Harvard knows bigger challenges are ahead after sweeping Dartmouth

HANOVER, N.H. – Animated is not a word normally used to describe Tommy Amaker, but there he was Saturday night at Leede Arena exhorting his team on, almost screaming, at least as much as Amaker is capable of such a thing.

The timing seemed strange. Just past the midway point of the second half, his Bryce Aiken-less Harvard team had just started to put some distance between itself and a pesky Dartmouth team that pushed the Crimson fairly hard the week before at Lavietes Pavilion and was only a four-point underdog (sports gambling recently became legal in the state of New Hampshire, for those who care). Harvard wasn’t playing its best game, but it weren’t playing poorly, either.

Read moreHarvard knows bigger challenges are ahead after sweeping Dartmouth

Full Leede Arena makes Dartmouth dream, even in loss

Let’s be honest with ourselves, the Ivy League is never going to win any Division I attendance titles. But what some of the homely and aging facilities in the Ancient Eight lack in size or amenities, they can make up for in old-school college basketball atmosphere, which anyone who has attended a big game at Lavietes Pavilion (home of this season’s Ivy League Tournament) or Lee Amphitheater can attest to after their ears take a couple of hours to adjust to normality.

Read moreFull Leede Arena makes Dartmouth dream, even in loss

Ninth straight Cornell loss hurts more than most

There was hope for Brian Earl and Cornell Sunday afternoon, a little gleam that shined through at Chase Family Arena. Sure, Hartford is a middle-of-the-road America East team (see: probably not Yale, Harvard, or Penn), but there the Big Red were, making shots, dominating inside and outside, finally able to remove some of the stench from an eight-game losing streak that had morale not-so-cheery as Christmas approaches.

And then it all fell apart.

Read moreNinth straight Cornell loss hurts more than most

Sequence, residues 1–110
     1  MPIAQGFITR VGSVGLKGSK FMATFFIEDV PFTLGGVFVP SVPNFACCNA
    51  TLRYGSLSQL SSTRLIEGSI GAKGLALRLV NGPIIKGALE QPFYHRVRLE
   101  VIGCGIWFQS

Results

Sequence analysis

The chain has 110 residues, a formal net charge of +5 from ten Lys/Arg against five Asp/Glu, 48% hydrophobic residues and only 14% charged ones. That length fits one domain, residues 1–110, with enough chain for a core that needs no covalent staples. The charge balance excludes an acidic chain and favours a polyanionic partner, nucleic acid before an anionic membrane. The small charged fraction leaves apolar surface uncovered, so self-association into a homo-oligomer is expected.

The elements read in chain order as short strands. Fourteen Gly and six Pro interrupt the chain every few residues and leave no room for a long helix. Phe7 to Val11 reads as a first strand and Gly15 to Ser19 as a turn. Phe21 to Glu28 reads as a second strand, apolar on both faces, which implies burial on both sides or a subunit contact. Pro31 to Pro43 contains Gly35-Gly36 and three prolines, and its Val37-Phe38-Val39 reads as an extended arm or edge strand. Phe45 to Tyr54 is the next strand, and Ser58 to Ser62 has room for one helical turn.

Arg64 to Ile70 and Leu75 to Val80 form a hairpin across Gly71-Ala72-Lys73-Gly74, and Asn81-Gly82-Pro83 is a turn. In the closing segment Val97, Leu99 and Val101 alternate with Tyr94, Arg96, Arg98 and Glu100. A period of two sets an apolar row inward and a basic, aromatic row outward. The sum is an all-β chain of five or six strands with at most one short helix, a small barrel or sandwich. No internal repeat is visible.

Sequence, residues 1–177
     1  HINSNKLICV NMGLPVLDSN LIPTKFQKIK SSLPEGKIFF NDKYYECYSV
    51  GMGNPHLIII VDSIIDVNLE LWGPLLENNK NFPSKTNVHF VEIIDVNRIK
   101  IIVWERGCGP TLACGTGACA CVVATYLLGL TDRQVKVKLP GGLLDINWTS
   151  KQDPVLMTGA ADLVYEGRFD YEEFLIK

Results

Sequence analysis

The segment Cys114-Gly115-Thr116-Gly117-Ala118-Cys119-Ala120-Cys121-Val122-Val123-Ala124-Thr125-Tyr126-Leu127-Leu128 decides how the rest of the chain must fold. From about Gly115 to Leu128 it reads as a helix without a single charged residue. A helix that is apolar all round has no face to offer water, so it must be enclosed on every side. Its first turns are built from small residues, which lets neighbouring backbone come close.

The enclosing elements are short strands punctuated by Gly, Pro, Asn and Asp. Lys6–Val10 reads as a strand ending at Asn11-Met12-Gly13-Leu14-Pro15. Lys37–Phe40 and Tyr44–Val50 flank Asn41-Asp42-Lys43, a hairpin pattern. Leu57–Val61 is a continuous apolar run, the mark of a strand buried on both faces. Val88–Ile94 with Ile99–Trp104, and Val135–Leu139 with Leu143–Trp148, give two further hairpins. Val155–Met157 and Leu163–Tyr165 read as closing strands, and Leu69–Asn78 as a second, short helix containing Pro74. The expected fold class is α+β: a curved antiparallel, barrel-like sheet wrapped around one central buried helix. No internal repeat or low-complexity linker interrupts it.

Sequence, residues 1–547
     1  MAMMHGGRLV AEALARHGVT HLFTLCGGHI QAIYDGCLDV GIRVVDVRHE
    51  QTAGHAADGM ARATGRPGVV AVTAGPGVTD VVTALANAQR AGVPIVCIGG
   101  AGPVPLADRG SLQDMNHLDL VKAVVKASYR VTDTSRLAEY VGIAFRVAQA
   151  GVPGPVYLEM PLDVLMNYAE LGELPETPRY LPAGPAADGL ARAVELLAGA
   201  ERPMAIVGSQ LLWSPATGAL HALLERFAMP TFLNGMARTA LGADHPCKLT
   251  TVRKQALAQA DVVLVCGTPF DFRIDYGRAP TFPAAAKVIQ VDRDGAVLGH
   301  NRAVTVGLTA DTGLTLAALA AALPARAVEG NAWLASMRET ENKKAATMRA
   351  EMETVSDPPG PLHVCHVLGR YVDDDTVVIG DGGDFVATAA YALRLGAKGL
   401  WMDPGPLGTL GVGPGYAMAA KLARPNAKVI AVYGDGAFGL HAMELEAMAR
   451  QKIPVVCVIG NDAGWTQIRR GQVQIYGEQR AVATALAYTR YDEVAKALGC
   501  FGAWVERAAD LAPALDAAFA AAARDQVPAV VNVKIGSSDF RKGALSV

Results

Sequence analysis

Dartmouth frustrated by Bryant, but not discouraged

Saturday afternoon’s 64-60 loss to Bryant at Leede Arena left a bitter taste on the lips of Dartmouth as it breaks for the holidays.

And rightfully so. The Big Green (7-6) have overachieved for much of the first two months of this campaign, and if they are going to contend to compete in the Ivy League Tournament for the first time, they should be able to handle an NEC team – particularly a banged up one – at home.

Read moreDartmouth frustrated by Bryant, but not discouraged

Mike Smith carries Lions as they adjust to new normal

Mike Smith put Columbia on his 5-foot-11 frame and carried it to a much needed 68-64 victory over Lehigh Saturday afternoon at Levien Gym. The senior leader had 30 points, six assists (with only two turnovers), and drew 10 Lehigh fouls, five in each half.

“I just kind of mixed it up, I shot the three, got to the rim, hit a couple of pull-ups,” Smith said. “I just tried to change up the game, if I can score at all three levels, it’s kind of hard to stop it.”

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Dartmouth bests Florida Gulf Coast, moves to 2-0 for first time in 23 years

It doesn’t take a deep dive into the recent history of Dartmouth men’s basketball to see that finding positive material can be quite difficult, most prominently not having been to the NCAA Tournament since 1959, the longest active drought for any team that has actually appeared in the Big Dance.

So here is an incomplete list of accomplishments the Big Green has already gotten to after holding off Florida Gulf Coast 55-49 on an icy night in Hanover to move to 2-0 on the young 2019-20 season:

Read moreDartmouth bests Florida Gulf Coast, moves to 2-0 for first time in 23 years